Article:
This Week’s Awesome Tech Stories From Around the Web (Through July 11)


This Company Wants to Rewrite the Future of Genetic Disease
Megan Molteni | Wired
“Tessera has spent the past two years developing a new class of molecular manipulators capable of doing lots of things CRISPR can do—and some that it can’t, including precisely plugging in long stretches of DNA. It’s not gene editing, says von Maltzahn. It’s ‘gene writing.’ ”


A Bird? A Plane? No, It’s a Google Balloon Beaming the Internet
Abdi Lahif Dahir | The New York Times
“A fleet of high-altitude balloons started delivering internet service to Kenya on Tuesday, extending online access to tens of thousands of people in the first-ever commercial deployment of the technology.”


Fading Light: The Story of Magic Leap’s Lost Mixed Reality Magnum Opus
Adi Robertson | The Verge
“Inside the company, though, a few dozen developers were building what they describe as one of Magic Leap’s most exciting projects. It’s called The Last Light: an interactive story about a young woman dealing with the death of her grandmother, designed to show the storytelling potential of mixed reality. And crucially, its creators say it’s finished—but they aren’t sure if anyone will ever see it.”

Augmented Reality Heads-Up Displays for Cars Are Finally a Real Thing
Jonathan M. Gitlin | Ars Technica
“As you can see, it fuses various sensor inputs from the vehicle like the forward-looking radar as well as optical sensors to alert or inform the driver. That information could be the distance to a car you’re following, or markers delineating the edge of the road in low-light situations, or navigation help via directional arrows that work a bit like the optimal racing line overlay in games like Forza.”


Astronomers Are Uncovering the Magnetic Soul of the Universe
Natalie Wolchover | Wired
“Twenty years ago, astronomers started to detect magnetism permeating entire galaxy clusters, including the space between one galaxy and the next. …Last year, astronomers finally managed to examine a far sparser region of space—the expanse between galaxy clusters. There, they discovered the largest magnetic field yet: 10 million light-years of magnetized space spanning the entire length of this ‘filament’ of the cosmic web.”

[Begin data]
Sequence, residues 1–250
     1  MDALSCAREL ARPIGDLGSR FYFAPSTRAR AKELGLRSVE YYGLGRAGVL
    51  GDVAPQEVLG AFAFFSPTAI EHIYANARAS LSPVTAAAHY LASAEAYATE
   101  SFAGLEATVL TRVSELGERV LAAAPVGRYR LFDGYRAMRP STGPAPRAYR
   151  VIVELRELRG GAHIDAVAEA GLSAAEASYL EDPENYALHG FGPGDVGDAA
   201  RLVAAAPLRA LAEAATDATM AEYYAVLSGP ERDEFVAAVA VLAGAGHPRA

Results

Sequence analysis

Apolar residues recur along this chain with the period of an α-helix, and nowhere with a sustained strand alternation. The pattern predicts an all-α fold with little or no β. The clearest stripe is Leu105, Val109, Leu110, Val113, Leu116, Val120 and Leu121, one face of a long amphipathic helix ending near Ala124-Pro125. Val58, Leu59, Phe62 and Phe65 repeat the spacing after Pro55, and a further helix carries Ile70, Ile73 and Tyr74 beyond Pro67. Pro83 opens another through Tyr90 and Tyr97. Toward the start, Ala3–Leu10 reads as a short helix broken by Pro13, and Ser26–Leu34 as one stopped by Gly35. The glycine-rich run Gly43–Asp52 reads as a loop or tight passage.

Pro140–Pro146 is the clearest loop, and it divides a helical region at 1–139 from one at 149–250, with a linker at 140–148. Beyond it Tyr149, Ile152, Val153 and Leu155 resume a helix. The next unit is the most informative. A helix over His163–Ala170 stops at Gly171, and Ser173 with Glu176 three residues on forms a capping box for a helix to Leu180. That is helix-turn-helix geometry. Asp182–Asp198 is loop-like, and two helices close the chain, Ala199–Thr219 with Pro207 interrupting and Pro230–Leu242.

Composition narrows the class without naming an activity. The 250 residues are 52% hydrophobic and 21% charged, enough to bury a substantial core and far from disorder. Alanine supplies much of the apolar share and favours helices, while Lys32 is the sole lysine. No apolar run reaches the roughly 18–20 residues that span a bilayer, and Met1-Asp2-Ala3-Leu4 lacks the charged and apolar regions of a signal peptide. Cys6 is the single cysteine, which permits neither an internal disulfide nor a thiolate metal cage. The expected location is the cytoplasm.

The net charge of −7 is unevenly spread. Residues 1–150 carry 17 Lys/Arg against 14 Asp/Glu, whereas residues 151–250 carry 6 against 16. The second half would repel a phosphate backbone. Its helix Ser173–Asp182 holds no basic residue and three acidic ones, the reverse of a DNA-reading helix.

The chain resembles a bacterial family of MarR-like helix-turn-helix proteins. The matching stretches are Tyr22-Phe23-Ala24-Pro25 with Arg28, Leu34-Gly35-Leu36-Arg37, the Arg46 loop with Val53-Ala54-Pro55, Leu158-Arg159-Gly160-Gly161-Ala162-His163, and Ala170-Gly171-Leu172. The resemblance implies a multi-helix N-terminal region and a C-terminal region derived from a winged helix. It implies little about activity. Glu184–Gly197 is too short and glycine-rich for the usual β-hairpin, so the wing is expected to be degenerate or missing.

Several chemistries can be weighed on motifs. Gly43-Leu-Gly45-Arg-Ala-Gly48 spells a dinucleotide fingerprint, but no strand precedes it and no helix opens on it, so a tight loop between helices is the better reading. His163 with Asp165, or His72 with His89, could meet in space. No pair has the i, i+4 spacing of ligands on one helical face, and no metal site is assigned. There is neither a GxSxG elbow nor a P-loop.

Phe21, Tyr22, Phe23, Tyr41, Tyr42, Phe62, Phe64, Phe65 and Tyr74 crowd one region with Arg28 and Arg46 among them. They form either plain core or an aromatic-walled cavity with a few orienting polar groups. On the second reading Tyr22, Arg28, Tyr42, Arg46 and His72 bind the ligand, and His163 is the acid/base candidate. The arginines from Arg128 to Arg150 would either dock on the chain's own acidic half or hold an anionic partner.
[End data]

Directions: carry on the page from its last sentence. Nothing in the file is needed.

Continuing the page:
The Tech Giants’ Invisible Helpers
Shira Ovide | The New York Times
“…one of the underappreciated ways that today’s technology superpowers like Google and Amazon stay superpowers is their mastery of all the boring stuff that makes the internet possible. This is the kind of advantage the tech superpowers have that is hard for governments to break apart or for rivals to compete with. The tech giants’ fingerprints, brain power and dollars are all over the invisible backbone of the global internet.”

Facebook Weighs Banning Political Ads Before the 2020 Election
Joe Berkowitz | Fast Company
“While the ban is only being discussed at this point, as Bloomberg points out, some within Facebook are concerned that an ad blackout may harm voter registration and motivation campaigns, or limit candidates’ non-ad messaging. However, pre-election blackouts on Facebook are not without precedent: they’re a fixture in other countries, including the U.K.Quote.”


NASA Unveils New Rules to Protect the Moon and Mars From Earth Germs
Chelsea Gohd |
“It is important, the NASA chief explained, that future missions leave behind “a pristine environment so we have the ability to know that what we discover in the future was not something that was left there by us … We have to make sure that we are inventorying every kind of biological substance and even nonbiological substance—organics for example —that could leave something behind on the moon that could be problematic for future research.””


“It’s an Incredible Experiment”: Banning Cars in Cities Stirs Controversy—and Has Mixed Results
Nate Berg | Fast Company
“The converted streets quickly become part of people’s lives, with families having outdoor meals, older residents meeting in the mornings for coffee, and even indoor chores such as folding laundry moving out into the social space. Some are even becoming permanent. One street, which is in front of a school, now prohibits car traffic. In another neighborhood, residents are planning a Living Street explicitly for the purpose of seeing how a permanent closure would affect the area.”

Image credit: Kasper RasmussenUnsplash

Singularity Hub Staff
Singularity Hub Staff
Singularity Hub chronicles technological progress by highlighting the breakthroughs and issues shaping the future as well as supporting a global community of smart, passionate, action-oriented people who want to change the world.
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